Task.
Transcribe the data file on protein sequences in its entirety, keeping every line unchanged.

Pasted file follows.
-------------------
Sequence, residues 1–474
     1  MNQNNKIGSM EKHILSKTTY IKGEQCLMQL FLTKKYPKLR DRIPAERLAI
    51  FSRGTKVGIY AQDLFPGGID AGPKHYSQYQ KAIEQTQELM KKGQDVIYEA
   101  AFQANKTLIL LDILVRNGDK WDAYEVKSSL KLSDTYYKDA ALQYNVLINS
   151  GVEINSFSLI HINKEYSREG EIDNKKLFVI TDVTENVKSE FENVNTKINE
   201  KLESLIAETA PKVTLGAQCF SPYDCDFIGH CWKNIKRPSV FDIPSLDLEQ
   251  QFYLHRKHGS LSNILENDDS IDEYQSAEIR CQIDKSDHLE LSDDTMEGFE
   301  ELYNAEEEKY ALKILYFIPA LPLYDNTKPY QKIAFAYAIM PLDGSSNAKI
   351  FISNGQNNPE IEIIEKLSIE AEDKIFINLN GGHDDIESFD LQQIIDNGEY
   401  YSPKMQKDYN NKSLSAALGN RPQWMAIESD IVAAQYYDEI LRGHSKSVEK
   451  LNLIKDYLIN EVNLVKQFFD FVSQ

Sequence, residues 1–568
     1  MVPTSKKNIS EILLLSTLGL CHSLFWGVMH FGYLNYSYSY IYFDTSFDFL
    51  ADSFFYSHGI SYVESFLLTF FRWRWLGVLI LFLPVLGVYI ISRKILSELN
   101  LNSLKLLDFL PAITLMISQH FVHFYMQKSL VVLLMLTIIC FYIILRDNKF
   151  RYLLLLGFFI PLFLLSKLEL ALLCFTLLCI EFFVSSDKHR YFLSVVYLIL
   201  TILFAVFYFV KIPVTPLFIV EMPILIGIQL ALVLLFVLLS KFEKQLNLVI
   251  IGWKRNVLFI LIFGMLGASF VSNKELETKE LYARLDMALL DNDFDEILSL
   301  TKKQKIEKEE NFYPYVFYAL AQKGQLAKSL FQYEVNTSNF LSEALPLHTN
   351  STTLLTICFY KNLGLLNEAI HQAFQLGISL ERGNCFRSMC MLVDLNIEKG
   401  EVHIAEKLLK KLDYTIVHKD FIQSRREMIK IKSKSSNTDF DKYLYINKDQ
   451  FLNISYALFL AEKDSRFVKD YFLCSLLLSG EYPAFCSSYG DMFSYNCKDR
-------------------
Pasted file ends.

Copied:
Sequence, residues 1–474
     1  MNQNNKIGSM EKHILSKTTY IKGEQCLMQL FLTKKYPKLR DRIPAERLAI
    51  FSRGTKVGIY AQDLFPGGID AGPKHYSQYQ KAIEQTQELM KKGQDVIYEA
   101  AFQANKTLIL LDILVRNGDK WDAYEVKSSL KLSDTYYKDA ALQYNVLINS
   151  GVEINSFSLI HINKEYSREG EIDNKKLFVI TDVTENVKSE FENVNTKINE
   201  KLESLIAETA PKVTLGAQCF SPYDCDFIGH CWKNIKRPSV FDIPSLDLEQ
   251  QFYLHRKHGS LSNILENDDS IDEYQSAEIR CQIDKSDHLE LSDDTMEGFE
   301  ELYNAEEEKY ALKILYFIPA LPLYDNTKPY QKIAFAYAIM PLDGSSNAKI
   351  FISNGQNNPE IEIIEKLSIE AEDKIFINLN GGHDDIESFD LQQIIDNGEY
   401  YSPKMQKDYN NKSLSAALGN RPQWMAIESD IVAAQYYDEI LRGHSKSVEK
   451  LNLIKDYLIN EVNLVKQFFD FVSQ

Sequence, residues 1–568
     1  MVPTSKKNIS EILLLSTLGL CHSLFWGVMH FGYLNYSYSY IYFDTSFDFL
    51  ADSFFYSHGI SYVESFLLTF FRWRWLGVLI LFLPVLGVYI ISRKILSELN
   101  LNSLKLLDFL PAITLMISQH FVHFYMQKSL VVLLMLTIIC FYIILRDNKF
   151  RYLLLLGFFI PLFLLSKLEL ALLCFTLLCI EFFVSSDKHR YFLSVVYLIL
   201  TILFAVFYFV KIPVTPLFIV EMPILIGIQL ALVLLFVLLS KFEKQLNLVI
   251  IGWKRNVLFI LIFGMLGASF VSNKELETKE LYARLDMALL DNDFDEILSL
   301  TKKQKIEKEE NFYPYVFYAL AQKGQLAKSL FQYEVNTSNF LSEALPLHTN
   351  STTLLTICFY KNLGLLNEAI HQAFQLGISL ERGNCFRSMC MLVDLNIEKG
   401  EVHIAEKLLK KLDYTIVHKD FIQSRREMIK IKSKSSNTDF DKYLYINKDQ
   451  FLNISYALFL AEKDSRFVKD YFLCSLLLSG EYPAFCSSYG DMFSYNCKDR